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Opinion: Somesh Kamra writes his experience of working with the UFC

Somesh Kamra
21 June 2020

The UFC has been in the middle of some controversies lately. A string of UFC fighters has opened up about some of their ill-experiences with the promotion while some fighters like Chael Sonnen has come out to defend the promotion. Here’s Superhuman Gym Founder Somesh Kamra detailing his experience of working with the UFC and his take on the all the recent news headlines.

My views are pertaining to the recent allegations starting with Jon Jones, then Jorge Masvidal to now EX-UFC fighters like Eddie Alvarez and most recently Brendan Schaub.

It all seems like a bunch of fighters that don't like or didn't like the UFC; coming together trying to create a stir or giving their personal experiences.

The truth is that nobody is happy with the monies they make… not even Conor McGregor. Everybody wants more! That’s human nature.

I'm sure most MMA and UFC fans may have tuned in and must be aware of what's happening on this front.

This article is my personal experience with the UFC and relation with them. I feel people do need to hear the other side too.

My communication with the UFC started in 2013 with the aim to identify and groom talent from India. Those were the days when Lorenzo and Frank Fertitta were the owners of Zuffa LLC. Lorenzo, in particular, was very sharp-minded and extremely gung-ho on the Indian market. That enthusiasm rubbed off on Dana White and he too was very optimistic. The UFC had even announced TUF India.

I had flown down to their headquarters in 2013 at Las Vegas to discuss India and the entire top bracket of the UFC were there waiting to discuss and brainstorm. That was overwhelming for a 28-year-old MMA enthusiast. I didn't expect all of them to be there.

Not only was the UFC very eager about India, they heard me, made notes, discussed every aspect in detail and took me for the entire tour of how things worked and what they expected from me. I never expected this billion-dollar global company to treat me with such importance.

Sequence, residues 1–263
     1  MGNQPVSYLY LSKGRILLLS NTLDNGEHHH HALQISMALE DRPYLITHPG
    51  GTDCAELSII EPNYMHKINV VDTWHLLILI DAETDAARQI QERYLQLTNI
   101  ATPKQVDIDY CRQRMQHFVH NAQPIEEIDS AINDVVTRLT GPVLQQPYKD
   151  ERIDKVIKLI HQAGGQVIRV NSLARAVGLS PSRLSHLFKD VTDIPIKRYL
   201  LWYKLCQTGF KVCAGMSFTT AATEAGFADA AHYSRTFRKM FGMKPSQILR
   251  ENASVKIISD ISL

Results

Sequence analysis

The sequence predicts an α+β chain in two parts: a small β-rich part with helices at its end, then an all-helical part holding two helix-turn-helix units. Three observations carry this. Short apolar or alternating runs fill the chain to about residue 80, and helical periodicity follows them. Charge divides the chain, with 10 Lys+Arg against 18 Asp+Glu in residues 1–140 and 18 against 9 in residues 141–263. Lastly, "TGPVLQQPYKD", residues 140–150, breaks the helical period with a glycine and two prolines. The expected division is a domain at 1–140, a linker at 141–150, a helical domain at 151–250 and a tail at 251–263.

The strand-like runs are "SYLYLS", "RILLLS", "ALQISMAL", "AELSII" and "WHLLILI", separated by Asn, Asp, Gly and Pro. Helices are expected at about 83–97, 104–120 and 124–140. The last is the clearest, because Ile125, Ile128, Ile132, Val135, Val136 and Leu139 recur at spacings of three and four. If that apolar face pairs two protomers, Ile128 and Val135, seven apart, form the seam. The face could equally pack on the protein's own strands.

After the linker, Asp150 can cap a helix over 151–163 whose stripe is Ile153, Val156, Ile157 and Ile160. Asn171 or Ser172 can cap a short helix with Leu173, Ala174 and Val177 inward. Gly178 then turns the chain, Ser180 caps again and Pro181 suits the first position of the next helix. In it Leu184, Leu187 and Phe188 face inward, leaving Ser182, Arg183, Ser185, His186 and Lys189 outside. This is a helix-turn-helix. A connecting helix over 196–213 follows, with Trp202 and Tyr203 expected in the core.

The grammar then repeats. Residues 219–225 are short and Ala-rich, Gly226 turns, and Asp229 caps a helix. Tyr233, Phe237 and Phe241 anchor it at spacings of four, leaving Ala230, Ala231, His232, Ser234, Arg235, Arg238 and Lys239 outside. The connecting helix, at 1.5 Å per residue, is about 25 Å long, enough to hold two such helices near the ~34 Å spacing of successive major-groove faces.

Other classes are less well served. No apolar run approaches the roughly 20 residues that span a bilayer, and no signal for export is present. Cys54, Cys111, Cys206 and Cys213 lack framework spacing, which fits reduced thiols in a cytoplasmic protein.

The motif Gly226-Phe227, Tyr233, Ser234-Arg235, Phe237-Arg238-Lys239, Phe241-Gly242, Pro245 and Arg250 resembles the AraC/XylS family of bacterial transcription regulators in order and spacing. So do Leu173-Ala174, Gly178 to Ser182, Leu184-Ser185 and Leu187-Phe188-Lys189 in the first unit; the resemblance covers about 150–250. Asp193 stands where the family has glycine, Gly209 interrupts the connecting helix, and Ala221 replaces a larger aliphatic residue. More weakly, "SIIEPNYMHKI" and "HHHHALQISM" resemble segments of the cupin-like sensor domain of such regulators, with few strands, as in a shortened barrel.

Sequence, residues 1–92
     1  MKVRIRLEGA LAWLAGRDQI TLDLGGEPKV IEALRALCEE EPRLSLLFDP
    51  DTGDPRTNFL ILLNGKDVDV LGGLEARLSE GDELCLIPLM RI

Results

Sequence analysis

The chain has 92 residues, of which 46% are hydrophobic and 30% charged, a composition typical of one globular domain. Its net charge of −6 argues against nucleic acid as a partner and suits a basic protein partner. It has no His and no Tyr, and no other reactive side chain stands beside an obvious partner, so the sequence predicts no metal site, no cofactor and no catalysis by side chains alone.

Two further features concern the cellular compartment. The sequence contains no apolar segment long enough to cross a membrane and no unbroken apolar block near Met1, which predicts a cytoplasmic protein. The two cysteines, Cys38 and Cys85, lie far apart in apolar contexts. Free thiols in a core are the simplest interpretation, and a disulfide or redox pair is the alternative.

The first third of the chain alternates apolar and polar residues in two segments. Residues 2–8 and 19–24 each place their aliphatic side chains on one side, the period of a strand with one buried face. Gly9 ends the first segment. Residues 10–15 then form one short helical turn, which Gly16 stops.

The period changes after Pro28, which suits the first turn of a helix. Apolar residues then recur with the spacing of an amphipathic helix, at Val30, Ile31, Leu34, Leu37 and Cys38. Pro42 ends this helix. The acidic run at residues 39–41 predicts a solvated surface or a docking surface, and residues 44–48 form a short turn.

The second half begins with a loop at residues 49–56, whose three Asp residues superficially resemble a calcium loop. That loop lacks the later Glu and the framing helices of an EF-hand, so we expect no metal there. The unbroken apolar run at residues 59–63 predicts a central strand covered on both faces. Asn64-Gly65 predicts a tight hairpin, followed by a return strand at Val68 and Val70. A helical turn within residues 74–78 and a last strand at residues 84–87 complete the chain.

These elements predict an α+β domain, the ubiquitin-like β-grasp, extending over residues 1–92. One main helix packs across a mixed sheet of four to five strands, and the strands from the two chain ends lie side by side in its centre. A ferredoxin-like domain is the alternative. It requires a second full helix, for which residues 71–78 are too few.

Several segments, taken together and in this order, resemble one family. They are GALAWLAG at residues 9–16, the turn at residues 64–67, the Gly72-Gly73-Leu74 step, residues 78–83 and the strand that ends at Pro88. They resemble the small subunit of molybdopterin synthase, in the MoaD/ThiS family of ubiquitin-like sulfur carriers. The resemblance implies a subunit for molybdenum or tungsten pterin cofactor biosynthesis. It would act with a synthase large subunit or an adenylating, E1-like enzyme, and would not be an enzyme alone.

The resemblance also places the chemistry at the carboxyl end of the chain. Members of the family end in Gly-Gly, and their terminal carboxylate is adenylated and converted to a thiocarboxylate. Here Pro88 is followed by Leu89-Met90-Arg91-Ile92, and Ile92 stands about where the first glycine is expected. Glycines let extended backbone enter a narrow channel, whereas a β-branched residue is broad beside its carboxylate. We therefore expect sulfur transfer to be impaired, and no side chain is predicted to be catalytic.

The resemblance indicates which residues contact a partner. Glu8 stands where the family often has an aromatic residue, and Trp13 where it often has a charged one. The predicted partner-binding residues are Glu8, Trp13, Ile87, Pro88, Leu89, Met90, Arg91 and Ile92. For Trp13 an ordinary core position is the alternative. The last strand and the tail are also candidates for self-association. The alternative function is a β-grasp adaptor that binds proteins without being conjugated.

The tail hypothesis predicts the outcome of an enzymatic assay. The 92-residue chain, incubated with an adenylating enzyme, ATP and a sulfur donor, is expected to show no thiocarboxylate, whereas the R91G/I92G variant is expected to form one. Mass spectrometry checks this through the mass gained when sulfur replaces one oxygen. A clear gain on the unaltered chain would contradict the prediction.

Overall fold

That evening they made me meet the fighters and sat me right in the front row of the ceremonial weigh-ins. It was a surreal experience.

Next morning I had to sit with Sean Shelby and Joe Silva for breakfast to discuss talent in India.

Sean and Joe were like an inseparable, super talented, extremely enthusiastic pair that had the spark of youngsters in them. We spoke about talent spotting, training, weight cuts, challenges faced and everything under the sun about fighters. Their knowledge was gold for me.

I just sat and heard them through breakfast and came out a newly informed person. Not to forget, it's the first time UFC are hosting me on their home soil.

That evening they took me earlier to MGM Grand for UFC 160 where I had to meet Dana.

I now know why the UFC is where they are. Dana was like a kid on turbocharging. We discussed India, the future of UFC and the plans for India.

I couldn't believe Dana White himself talking to me about India. The moment was unreal.

From 2013, I’ve had to visit once a year to Las Vegas and I discuss India with the top bracket of the UFC. They toured me on the Performance Institute, their new office and kept me updated with everything I needed to know.

Besides, the people may not know that UFC provide the highest average fight monies in MMA. A rookie makes 3 times more than other promotions. It is up to his/her talent that takes them ahead of the curve.

My dealings with the UFC have been completely transparent and they've always made an effort to keep me comfortable while staying focussed on developing the sport and newer markets.

I do understand some fighters or ex-employees may feel a pinch or burn about monies or fights. Everybody has the right to negotiate, undoubtedly. But the UFC has never been an unethical organization.

They have always lived up to their promises and sometimes gone out if the way to do more.

People always compare the UFC money to Boxing or NBA monies. But they don't realize the business model of UFC is very different to that of Boxing or NBA.

The UFC produces their own events, fly the entire staff globally, have in-house marketing and sales teams etc. It's a huge recurring cost they have to bear on a weekly basis. And that's just one-off vertical I'm speaking about.

The UFC has the highest purse values across all MMA promotions.

The UFC has built stars like no other MMA promotion... And the list goes on.

About the Author:

Somesh Kamra is a professional mixed martial artist specializing in Muay Thai. Somesh has designed many effective training programs for Superhuman Gym and the Police Academy. His knowledge of hand to hand combat is unbeaten and has been a success story for many students. Somesh Kamra is educated from the University of Golds Gym in the field of physical fitness that includes strength training, plyometrics & cardiovascular training for muscular conditioning. 

Somesh works closely with the UFC for India and serves as the panellist for the TV Show – The Ultimate Guide to UFC and Pit Stop on Sony Sports Network. 

Also Read: Martial Arts Belt Scams in India and why people run behind it ft. Jitendra Khare


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